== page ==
Fourth Circuit Holds Magistrate Judge Jurisdiction Does Not Require Absent Class Members’ Consent

21 April 2022 Consumer Class Defense Counsel Blog
Author(s): Andrew W. Arsht Jay N. Varon

Federal law delineates a magistrate judge’s exercise of jurisdiction over a civil case. Specifically, with the “consent of the parties,” a magistrate judge may conduct “any or all proceedings . . . and order the entry of judgement.” 28 U.S.C. § 636(c)(1). Recently, in McAdams v. Robinson, 26 F.4th 149 (4th Cir. 2022), the Fourth Circuit determined that the word “parties” in this statute does not include absent class members. Consequently, a magistrate judge may conduct proceedings and enter judgment with the consent of only the named parties.

The case began as a putative consumer class action, when Demetrius and Tamara Robinson alleged that Nationstar Mortgage LLC had violated federal and state law by failing to timely process loss mitigation applications. Six years after the Robinsons filed their case, the named parties submitted a proposed settlement agreement seeking court approval of a class settlement and jointly asked to proceed before a magistrate judge. The proposed settlement included a fund of $3,000,000, with $300,000 allocated toward administrative expenses and $1,300,000 allocated toward attorneys’ fees. The assigned magistrate judge, who was also the mediator for the settlement negotiations, reviewed and approved the settlement agreement and the attorneys’ fee request.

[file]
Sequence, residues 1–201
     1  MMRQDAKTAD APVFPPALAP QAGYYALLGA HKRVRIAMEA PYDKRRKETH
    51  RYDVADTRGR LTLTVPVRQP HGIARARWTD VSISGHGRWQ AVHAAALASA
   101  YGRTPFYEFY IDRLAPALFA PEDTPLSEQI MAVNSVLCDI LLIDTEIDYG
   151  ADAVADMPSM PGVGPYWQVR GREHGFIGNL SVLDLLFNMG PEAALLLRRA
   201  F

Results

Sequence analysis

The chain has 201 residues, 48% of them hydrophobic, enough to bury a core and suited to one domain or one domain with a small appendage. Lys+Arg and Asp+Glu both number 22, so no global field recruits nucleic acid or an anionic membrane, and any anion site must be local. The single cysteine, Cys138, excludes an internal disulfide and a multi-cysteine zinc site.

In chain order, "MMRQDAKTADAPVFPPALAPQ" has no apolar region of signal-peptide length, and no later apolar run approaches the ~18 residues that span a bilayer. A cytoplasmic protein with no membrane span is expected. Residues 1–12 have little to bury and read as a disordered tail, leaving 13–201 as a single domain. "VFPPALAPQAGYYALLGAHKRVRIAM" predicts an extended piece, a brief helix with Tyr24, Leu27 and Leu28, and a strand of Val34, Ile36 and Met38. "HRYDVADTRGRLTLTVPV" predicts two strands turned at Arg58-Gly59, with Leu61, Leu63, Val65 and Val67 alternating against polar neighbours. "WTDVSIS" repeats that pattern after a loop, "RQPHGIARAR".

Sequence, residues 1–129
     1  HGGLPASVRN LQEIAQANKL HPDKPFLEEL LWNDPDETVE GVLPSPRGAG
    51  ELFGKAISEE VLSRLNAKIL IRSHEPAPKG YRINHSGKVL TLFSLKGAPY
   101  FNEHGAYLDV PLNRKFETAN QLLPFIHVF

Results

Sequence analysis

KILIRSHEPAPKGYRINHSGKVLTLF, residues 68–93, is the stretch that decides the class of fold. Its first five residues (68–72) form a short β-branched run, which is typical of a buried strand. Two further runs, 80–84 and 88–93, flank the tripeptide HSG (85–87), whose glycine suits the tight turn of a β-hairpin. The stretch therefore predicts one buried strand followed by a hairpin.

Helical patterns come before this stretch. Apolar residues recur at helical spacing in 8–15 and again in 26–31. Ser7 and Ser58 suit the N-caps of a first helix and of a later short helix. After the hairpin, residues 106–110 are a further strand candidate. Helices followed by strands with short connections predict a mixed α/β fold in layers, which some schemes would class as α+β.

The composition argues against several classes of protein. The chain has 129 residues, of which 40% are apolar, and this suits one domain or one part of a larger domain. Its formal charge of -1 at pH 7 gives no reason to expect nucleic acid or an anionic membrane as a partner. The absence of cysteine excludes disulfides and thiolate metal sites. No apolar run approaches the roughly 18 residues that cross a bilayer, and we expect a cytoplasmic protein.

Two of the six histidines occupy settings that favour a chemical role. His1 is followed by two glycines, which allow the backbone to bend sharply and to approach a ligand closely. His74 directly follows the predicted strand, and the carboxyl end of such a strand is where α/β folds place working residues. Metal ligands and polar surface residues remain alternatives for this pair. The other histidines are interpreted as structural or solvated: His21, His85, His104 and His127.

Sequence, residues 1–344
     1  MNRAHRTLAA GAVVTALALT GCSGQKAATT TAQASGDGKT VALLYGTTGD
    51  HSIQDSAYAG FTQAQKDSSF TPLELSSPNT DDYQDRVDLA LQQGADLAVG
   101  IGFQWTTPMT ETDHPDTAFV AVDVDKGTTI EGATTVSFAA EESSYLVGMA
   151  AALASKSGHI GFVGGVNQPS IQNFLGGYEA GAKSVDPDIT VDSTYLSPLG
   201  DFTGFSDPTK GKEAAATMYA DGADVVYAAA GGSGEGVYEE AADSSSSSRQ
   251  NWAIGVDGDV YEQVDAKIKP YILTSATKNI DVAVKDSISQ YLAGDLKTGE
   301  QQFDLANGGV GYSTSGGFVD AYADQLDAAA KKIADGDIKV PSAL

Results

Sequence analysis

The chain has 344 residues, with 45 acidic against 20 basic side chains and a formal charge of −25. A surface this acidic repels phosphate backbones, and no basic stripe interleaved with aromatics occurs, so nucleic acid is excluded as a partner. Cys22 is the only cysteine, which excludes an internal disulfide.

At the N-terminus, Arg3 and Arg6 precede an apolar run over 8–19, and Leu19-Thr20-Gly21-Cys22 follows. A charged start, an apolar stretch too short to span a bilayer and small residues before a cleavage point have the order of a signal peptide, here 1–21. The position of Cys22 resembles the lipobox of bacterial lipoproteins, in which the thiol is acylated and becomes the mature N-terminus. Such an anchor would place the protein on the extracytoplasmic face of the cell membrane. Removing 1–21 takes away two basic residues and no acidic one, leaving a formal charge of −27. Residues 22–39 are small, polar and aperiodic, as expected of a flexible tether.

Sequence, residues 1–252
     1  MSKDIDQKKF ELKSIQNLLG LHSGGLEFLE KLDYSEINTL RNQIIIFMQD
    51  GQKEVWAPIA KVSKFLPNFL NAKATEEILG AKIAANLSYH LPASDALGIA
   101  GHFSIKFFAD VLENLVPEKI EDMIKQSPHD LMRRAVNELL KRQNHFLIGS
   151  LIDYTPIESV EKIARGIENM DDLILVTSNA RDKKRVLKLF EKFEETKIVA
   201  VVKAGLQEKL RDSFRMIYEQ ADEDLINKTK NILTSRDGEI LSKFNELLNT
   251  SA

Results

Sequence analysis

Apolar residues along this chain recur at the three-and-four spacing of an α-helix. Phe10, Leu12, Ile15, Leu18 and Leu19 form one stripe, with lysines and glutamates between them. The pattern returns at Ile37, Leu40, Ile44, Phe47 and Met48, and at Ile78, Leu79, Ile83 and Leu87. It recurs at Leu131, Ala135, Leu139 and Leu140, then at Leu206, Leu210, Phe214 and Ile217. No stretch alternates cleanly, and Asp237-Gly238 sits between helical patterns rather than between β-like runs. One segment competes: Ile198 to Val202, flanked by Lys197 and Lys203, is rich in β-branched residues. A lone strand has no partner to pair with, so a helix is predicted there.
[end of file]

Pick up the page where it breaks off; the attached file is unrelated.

Pia McAdams, an absent class member who was pursuing a separate class action lawsuit against Nationstar, objected on a variety of grounds. The magistrate judge overruled those objections, and McAdams appealed.

On appeal, McAdams argued that the magistrate judge did not have jurisdiction to enter judgment because she had not consented to the appointment. While acknowledging that absent class members may be parties for some purposes (citing Devlin v. Scardelletti, 536 U.S. 1, 9-10 (2002)), the Fourth Circuit rejected McAdams’ argument. It interpreted the term “parties” in 28 U.S.C. § 636(c)(1) to mean only named parties. The court held that the ordinary meaning of the word “party” includes “those whose names are designated as a plaintiff or defendant and those who can control the proceedings.” Finding that absent class members do not meet this definition because they “aren’t named parties, and they can’t control proceedings,” the court noted the significant practical advantages of this interpretation. If absent class members were “parties,” district courts would have to provide class-wide notice “of the availability of a magistrate judge” to conduct proceedings and order the entry of judgment. 28 U.S.C. § 636(c)(2). In rejecting that result, the court explained that such notice would be “unduly burdensome on the clerk of court.”

With this result, the Fourth Circuit joins the Third, Seventh, Ninth, and Eleventh Circuits in holding that absent class members are not “parties” for purposes of the consent necessary for a magistrate judge to have jurisdiction over case proceedings or to order entry of judgment. At a minimum, this interpretation streamlines the ability of named parties to obtain magistrate judge oversight, if desired, in class cases. Class action plaintiffs and defendants may pursue that appointment in the hopes of faster, less expensive adjudication without concern that absent class members will impede such efforts.

Despite the Fourth Circuit’s holding, defendants should be wary of the Supreme Court’s caution that absent class members “may be parties for some purposes.” For example, many courts have placed limitations on contacts with putative class members (as if they were quasi-represented parties), even if they are not formally considered “parties” under 28 U.S.C. § 636(c)(1) for the purposes of consent to a magistrate judge. If you have questions about whether an absent class member is a party in different contexts, you should consult with your legal counsel.

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